In 1998, the accusation hit a movement led by German psychologist Heide Fittkau-Garthe. The authorities did not find any evidence it was true.
by Massimo Introvigne
Anti-cultists are incorrigible, and the Spanish-speaking ones are among the worst of the lot. Even after having been caught red-handed inventing an attempted mass suicide that never existed, they keep repeating the same lies. 25 years thereafter, they celebrate the twenty-fifth anniversary of their own hoax—as if it was a real event.
Through a Spanish anti-cult newsletter I discovered that, unbelievably, “cult experts” had sold to media in the Canary Island the same lie they peddled twenty-five years ago, in 1998. Videoreport Canarias, for a show called “1 Hora Menos,” realized a virtual reality reconstruction of what “might” have happened a quarter of a century ago. It shows thirty “cultists” marching and believing they are seeing a UFO ready to take them to another planet. In fact, the show claimed they were ready to jump out of a cliff. Happily, alerted by the anti-cultists, the Spanish police intervened and saved all of them.
There is only one problem with this story. It never happened. The year 1998 immediately followed the very real tragedies of the Order of the Solar Temple, whose members “did” believe they will be transported to another planet after having committed suicide and killed their children in three different incidents in 1994, 1995, and 1997. A series of nine articles in “Bitter Winter” recently reconstructed the events and discussed its possible interpretations.
The Solar Temple tragedies had an unfortunate consequence. Anti-cultists started seeing the “preparation for a mass suicide” behind any “cult” with more or less non-conventional ideas. They also knew that “mass suicide” was a formula that would immediately led to police intervention.
The post-Solar Temple media and legal hysteria about possible “cult mass suicides” was never more evident than in the case of the Training Center for the Release of the Atma-Energy. Dr. Heide Fittkau-Garthe, a German psychologist was arrested on January 8, 1998 in Tenerife, Canary Islands, where she lived in Barrio La Salud with a number of followers. She was accused of preparing a mass suicide based on what relatives of German followers had told the German and Spanish police.
In 1997, members of the American UFO movement Heaven’s Gate had committed suicide by taking poison mixed with apple sauce. Tipped by anti-cultists who knew about that case, the Spanish police seized “suspicious” fruit juice kept by Fittkau-Garthe’s movement in Tenerife. It was duly analyzed. It was just ordinary fruit juice.
Many Spanish and international newspapers reported on January 9 that Dr. Fittkau-Garthe was the leader of “a branch of the Solar Temple,” an information which was demonstrably false. She never had anything to do with the Solar Temple.
A leader of the German branch of the Brahma Kumaris, Fittkau-Garthe left the Indian movement (or was excluded from it) and eventually became one of the most prominent self-help motivational speakers in Germany, organizing her activities into the Trainingszentrum zur Freisetzung der Atma-Energie (Training Center for the Release of the Atma-Energy). She lectured on behalf of a number of German large corporations and was hailed as a “star psychologist.” The esoteric doctrines of her core group of followers involved references to both Western (including “A Course in Miracles”) and Eastern occult lore.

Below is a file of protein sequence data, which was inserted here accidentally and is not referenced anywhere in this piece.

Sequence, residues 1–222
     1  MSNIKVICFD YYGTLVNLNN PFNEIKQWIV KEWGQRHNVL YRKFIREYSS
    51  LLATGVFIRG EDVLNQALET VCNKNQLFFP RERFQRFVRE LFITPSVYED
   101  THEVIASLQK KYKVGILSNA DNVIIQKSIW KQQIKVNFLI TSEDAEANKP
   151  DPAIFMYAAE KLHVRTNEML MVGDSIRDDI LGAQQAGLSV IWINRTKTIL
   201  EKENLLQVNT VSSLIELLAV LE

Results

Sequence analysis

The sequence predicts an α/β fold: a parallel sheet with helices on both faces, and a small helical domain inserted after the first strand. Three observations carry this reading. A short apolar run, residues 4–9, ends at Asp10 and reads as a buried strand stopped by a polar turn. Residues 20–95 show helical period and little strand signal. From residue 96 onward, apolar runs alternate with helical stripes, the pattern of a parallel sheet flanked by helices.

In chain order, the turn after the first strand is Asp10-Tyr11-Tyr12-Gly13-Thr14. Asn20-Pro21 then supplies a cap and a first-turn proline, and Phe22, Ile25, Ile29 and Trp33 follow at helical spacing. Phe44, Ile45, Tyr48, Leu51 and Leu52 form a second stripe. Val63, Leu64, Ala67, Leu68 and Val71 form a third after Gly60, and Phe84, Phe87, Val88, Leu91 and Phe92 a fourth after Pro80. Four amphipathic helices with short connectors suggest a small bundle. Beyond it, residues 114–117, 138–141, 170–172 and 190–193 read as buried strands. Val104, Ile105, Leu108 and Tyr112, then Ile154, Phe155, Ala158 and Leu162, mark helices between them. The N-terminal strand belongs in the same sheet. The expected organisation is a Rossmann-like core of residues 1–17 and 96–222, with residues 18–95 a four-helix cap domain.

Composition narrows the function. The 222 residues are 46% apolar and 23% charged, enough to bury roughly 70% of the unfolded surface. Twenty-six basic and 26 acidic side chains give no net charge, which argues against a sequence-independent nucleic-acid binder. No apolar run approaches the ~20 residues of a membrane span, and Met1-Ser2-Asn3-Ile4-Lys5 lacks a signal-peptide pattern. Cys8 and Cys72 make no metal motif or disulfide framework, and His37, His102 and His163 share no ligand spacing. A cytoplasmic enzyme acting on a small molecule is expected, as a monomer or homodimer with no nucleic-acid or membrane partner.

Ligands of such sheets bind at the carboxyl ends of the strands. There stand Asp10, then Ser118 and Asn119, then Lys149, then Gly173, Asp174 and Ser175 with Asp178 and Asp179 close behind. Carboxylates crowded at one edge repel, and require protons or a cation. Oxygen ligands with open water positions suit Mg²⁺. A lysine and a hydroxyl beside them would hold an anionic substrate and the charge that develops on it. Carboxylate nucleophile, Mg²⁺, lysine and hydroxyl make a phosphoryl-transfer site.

When the 1998 incident happened, I was contacted by Fittkau-Garthe’s followers and lawyers. I found they were typical New Agers and true believers in a number of conspiracy theories they shared with hundreds of other similar groups. Although I did not have warm feelings for their brand of “conspirituality” (conspirationist spirituality), I quickly concluded that suicide, either individual and collective, was as far away as possible from their esoteric theology and practice. Hostile relatives of members had simply taken advantages of the Solar Temple and Heaven’s Gate events to unleash the police against the group. Other scholars wrote similar accounts of the incident. To his credit, even Pepe Rodríguez, one of the most well-known Spanish anti-cult reporters, came to the conclusion that the police misinterpreted as literal what in the group was merely symbolic.
Although a report prepared by a psychologist specialized in sexual troubles repeated the usual theories on brainwashing and destructive cults, on July 23, 2004 an embarrassed Court of Tenerife had to declare the “suspension” of the proceedings against Fittkau-Garthe and her followers for absolute lack of evidence. The Court, although admitting that not the slightest proof of the preparation of a mass suicide had emerged, was still heavily influenced by the “expert” it had appointed. He had suggested that the German witnesses did not want to come to Spain to testify because they had, in fact, been “brainwashed “and at any rate did not want to return to the place of their suffering. The court also indicated that, although they believed in their “expert”’s allegation that the Foundation was a destructive cult, the complete lack of evidence did not allow the Spanish judges to keep the case open, nor had the German judiciary expressed any interest in it.
The case was never reopened. Some of Dr. Fittkau-Garthe’s ideas were, admittedly, quite original, and she ran into further financial and other troubles unrelated to “cultic” activities and alleged mass suicides. On the other hand, the Tenerife case was just a further confirmation of how ready the media and, occasionally, the police were to believe the worst when “cults” were involved, even when the “victims’” allegations were not supported by any evidence. That the hoax continues after 25 years simply proves that some anti-cultists are irreformable.